Just last week, the Sarasota County (Florida) Sheriff's Office charged Charles Andrews, a minister, with 500 felony counts of possession of child pornography. Andrews, who served Osprey Church of Christ in Osprey, Florida, is registered as a sex offender in Alabama.
Officials said Andrews used email addresses and a social media account that were not reported to the Florida Department of Law Enforcement, the Orlando Sentinel reported. It was not clear if church members knew Andrews was a registered sex offender in Alabama. The church's telephone number was disconnected.
Elizabeth Jeglic, a professor of psychology John Jay College, City University of New York, who studies sex offender registries, said such cases are pretty rare. Only 5% of people on the sex offender registry are repeat offenders, according to a recent study in New York state. The vast majority are first-time sex offenders.
Running potential employees through the sex offender registry is useful, said Jeglic. But the data it provides is limited.
The national registry became law after a series of child rapes and murders, perhaps the most famous being that of Megan Kanka, a 7-year-old girl from New Jersey who was raped and murdered by her neighbor in 1994. Her murder led to a series of bills requiring a sex offender registry, with a database tracked by the state and community notification of registered sex offenders moving into a neighborhood. President Bill Clinton signed Megan's Law in 1996, making sexual offender registries required by all 50 states.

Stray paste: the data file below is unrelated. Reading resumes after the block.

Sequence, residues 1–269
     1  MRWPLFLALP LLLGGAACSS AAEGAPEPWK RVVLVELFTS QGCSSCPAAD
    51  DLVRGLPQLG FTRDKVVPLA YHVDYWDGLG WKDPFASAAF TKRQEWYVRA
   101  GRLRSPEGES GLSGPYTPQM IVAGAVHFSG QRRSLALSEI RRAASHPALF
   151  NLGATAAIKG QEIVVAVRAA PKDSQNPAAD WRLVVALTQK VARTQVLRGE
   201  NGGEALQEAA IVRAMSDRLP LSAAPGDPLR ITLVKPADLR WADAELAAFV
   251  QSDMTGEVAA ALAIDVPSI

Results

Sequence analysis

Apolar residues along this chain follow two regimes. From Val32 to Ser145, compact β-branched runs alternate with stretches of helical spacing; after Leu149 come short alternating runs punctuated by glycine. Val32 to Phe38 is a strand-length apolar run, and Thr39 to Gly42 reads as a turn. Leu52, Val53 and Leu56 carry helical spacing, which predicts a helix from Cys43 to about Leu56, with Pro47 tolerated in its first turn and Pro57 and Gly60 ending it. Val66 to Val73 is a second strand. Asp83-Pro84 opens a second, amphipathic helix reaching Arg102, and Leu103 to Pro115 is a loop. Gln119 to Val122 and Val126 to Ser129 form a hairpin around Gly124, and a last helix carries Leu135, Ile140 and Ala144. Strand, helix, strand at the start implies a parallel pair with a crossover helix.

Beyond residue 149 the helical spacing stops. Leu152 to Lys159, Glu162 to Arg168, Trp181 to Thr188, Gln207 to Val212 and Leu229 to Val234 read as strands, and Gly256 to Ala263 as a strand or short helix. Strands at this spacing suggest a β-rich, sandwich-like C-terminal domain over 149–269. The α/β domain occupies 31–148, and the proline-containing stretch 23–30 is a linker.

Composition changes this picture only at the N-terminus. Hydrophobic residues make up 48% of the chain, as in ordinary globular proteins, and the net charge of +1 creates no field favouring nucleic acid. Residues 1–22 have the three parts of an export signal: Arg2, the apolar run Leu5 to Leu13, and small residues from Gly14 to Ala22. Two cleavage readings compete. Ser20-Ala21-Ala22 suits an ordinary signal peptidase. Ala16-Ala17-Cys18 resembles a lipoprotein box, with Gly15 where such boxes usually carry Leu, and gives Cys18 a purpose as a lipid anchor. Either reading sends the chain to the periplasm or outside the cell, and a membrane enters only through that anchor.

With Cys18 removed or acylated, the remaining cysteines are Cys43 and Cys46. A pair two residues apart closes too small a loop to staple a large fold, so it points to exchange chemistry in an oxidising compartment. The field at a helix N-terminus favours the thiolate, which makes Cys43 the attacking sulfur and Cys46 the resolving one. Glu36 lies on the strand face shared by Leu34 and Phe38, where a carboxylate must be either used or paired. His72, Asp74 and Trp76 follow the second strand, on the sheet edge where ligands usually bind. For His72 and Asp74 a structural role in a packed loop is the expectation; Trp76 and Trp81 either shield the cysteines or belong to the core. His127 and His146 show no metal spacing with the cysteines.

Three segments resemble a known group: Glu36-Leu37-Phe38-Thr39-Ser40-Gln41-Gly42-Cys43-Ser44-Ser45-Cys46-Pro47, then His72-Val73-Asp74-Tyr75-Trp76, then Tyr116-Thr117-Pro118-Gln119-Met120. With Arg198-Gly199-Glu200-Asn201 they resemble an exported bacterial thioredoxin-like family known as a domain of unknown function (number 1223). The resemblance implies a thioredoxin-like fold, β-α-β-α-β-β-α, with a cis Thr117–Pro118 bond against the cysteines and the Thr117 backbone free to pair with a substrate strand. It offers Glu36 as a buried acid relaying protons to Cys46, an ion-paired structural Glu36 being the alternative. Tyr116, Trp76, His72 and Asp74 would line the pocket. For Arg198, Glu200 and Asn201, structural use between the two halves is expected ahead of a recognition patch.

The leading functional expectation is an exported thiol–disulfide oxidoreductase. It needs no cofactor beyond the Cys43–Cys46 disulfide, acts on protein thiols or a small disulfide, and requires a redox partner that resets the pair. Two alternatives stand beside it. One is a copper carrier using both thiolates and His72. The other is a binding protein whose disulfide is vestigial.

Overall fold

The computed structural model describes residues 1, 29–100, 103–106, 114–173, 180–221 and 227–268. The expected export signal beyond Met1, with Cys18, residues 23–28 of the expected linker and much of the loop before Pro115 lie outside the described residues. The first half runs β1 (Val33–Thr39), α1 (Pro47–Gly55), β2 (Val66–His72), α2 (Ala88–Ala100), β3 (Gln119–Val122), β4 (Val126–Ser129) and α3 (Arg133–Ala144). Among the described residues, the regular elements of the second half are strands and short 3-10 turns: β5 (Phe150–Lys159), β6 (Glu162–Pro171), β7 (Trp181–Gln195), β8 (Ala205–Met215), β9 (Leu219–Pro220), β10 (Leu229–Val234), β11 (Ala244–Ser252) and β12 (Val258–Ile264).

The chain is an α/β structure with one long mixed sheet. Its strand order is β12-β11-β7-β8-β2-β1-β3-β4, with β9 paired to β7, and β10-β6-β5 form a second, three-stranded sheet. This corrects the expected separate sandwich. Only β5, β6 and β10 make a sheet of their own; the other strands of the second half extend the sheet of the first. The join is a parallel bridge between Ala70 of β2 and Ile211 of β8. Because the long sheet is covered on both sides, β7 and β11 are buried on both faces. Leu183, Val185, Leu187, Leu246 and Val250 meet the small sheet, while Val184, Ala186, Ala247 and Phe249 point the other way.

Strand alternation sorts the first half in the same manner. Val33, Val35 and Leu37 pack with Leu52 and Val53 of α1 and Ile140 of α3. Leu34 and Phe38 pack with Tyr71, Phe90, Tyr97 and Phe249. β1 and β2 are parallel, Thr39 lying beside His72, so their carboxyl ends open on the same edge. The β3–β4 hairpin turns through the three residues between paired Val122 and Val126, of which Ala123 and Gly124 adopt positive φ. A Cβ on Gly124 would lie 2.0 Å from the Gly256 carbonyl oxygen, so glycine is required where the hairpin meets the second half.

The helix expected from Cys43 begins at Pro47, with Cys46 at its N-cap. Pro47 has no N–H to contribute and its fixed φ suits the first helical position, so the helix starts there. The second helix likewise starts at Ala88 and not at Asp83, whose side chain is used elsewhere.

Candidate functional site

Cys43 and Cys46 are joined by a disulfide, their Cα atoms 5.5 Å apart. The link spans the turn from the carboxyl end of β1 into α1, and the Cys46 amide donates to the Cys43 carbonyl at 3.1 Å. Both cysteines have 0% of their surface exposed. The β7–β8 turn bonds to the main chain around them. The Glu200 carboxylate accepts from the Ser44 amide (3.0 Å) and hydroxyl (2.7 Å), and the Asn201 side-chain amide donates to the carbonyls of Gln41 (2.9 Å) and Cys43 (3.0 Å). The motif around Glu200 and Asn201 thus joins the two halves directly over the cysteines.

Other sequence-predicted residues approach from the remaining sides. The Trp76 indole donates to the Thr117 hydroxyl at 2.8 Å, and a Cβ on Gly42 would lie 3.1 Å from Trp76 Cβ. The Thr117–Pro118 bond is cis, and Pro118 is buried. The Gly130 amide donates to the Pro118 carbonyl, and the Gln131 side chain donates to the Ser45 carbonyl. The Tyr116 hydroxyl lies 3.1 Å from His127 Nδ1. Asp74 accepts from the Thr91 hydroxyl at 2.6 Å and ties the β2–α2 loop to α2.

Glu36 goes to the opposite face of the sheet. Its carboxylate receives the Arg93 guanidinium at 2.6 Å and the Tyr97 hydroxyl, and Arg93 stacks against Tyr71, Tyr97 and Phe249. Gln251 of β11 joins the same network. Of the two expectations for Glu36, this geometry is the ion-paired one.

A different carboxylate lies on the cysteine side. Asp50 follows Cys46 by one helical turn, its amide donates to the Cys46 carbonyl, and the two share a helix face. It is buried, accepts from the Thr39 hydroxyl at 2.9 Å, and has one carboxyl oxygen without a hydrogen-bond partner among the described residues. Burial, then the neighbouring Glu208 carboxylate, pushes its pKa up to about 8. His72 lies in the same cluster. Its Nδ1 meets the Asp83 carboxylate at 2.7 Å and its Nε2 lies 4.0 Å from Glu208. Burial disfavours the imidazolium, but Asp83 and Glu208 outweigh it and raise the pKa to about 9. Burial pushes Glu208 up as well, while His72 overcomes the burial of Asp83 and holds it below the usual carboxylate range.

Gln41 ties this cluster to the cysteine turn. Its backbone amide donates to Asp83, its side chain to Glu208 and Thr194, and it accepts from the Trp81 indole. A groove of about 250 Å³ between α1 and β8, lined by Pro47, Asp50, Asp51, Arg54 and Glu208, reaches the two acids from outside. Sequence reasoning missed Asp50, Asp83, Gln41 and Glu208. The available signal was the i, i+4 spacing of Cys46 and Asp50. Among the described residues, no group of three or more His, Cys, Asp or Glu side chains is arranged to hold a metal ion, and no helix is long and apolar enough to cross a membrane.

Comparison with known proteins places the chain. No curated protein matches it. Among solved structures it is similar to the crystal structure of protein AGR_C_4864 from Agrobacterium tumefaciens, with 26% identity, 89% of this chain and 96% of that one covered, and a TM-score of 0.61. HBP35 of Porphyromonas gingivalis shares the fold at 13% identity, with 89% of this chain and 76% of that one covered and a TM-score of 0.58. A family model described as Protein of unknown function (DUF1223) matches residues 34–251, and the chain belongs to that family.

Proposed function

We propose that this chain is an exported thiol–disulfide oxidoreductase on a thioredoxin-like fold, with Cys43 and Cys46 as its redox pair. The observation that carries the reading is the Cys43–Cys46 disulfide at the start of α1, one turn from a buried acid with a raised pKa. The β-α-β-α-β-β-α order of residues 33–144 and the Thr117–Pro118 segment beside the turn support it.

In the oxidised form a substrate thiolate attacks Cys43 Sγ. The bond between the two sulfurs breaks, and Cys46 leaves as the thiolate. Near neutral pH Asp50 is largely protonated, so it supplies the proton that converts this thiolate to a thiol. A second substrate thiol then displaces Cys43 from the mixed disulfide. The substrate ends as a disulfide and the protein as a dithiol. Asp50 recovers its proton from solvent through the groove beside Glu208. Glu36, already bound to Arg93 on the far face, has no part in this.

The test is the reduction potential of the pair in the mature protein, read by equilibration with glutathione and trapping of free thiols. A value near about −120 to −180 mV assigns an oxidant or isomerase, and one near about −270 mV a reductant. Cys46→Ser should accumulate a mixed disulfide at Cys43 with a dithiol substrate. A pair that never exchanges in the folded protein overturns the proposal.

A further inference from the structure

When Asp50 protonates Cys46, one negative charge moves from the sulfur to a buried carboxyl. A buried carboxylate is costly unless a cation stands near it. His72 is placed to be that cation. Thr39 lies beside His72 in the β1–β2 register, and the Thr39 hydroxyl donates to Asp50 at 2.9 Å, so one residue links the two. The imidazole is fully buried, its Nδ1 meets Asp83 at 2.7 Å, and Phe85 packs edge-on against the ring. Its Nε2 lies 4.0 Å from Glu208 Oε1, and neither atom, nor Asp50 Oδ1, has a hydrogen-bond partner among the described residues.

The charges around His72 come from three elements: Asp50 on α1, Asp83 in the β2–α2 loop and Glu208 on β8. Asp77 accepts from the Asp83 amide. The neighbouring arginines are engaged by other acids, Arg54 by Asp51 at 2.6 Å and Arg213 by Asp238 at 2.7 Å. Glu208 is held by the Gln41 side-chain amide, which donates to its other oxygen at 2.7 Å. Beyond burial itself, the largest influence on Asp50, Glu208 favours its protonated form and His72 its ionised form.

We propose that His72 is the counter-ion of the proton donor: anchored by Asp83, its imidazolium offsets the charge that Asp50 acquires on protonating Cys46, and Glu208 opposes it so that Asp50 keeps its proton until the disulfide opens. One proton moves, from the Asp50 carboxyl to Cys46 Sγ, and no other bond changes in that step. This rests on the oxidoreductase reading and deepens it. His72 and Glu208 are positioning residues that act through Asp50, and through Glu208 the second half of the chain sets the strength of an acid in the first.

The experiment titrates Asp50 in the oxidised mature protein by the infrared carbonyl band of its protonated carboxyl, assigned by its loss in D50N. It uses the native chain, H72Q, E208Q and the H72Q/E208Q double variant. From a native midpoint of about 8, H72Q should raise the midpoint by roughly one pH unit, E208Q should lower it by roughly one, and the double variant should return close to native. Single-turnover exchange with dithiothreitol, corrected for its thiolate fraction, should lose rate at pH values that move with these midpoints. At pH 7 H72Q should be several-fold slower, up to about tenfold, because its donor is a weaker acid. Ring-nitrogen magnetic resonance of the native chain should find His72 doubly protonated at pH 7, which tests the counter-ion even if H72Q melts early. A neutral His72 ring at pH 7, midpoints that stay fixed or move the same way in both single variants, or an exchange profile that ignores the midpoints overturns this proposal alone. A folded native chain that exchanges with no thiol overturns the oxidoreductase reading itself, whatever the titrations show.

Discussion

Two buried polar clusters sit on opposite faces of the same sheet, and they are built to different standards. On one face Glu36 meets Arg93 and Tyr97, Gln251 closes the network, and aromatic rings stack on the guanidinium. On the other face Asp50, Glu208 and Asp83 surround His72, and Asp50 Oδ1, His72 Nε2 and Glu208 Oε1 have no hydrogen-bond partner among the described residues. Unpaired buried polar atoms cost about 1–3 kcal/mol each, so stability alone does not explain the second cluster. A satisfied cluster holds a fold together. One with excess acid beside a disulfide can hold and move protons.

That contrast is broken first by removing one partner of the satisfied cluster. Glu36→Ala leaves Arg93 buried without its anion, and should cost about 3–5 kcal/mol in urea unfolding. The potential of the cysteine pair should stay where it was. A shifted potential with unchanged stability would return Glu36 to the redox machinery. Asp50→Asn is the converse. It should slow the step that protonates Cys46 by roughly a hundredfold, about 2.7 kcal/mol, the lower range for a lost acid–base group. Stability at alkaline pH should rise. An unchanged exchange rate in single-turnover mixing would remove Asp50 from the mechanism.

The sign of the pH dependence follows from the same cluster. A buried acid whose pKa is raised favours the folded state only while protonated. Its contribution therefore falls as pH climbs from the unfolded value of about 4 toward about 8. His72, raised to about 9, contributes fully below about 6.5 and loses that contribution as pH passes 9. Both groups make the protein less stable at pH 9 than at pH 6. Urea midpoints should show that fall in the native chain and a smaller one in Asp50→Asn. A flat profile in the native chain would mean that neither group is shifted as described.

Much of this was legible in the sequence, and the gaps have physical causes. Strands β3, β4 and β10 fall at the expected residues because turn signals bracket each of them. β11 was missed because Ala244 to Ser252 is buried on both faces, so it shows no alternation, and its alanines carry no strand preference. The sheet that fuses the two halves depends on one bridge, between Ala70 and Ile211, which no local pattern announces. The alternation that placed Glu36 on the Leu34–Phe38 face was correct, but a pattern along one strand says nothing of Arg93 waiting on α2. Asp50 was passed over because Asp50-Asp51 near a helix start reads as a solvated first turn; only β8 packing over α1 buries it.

But in recent years, the effectiveness of the national sex offender registry has been called into question. For one thing, the database is not updated in real time. It can take months or years before the database is updated with people who have been released from prison on sexual offenses. For that reason, companies providing churches with database searches recommend that all employees be screened every year.
"Churches have this idea of one-and-done," said Weis. "We recommend they do it annually."
In addition, a 2010 South Carolina study showed that many sex offenders plead down their to charges to a nonsex crime so they aren't included in the registry.
That, plus the variability of state laws on sex abuse, leads researchers to conclude that screening people through databases such as the national sex offender registry or the state's criminal database won't guarantee a sex-abuse-free church environment.
"We're spending a lot of time and money on enforcing restricted policies that don't prevent recidivism instead of working on prevention," said Jeglic.
She recommended that congregations work on policies or procedures to reduce the incidence of sex abuse. That could mean, first and foremost, establishing clear training protocols that forbid church workers to be alone with a child, even in the bathroom, and submitting all new hires to a period in which they are shadowed.
"As a woman and as a mother, it feels nice to be able to look [someone] up and know," Jeglic said. "But as a researcher, the data doesn't help prevent any future sex crimes. A lot of the information on the registry is incorrect. It gives us a false sense of security."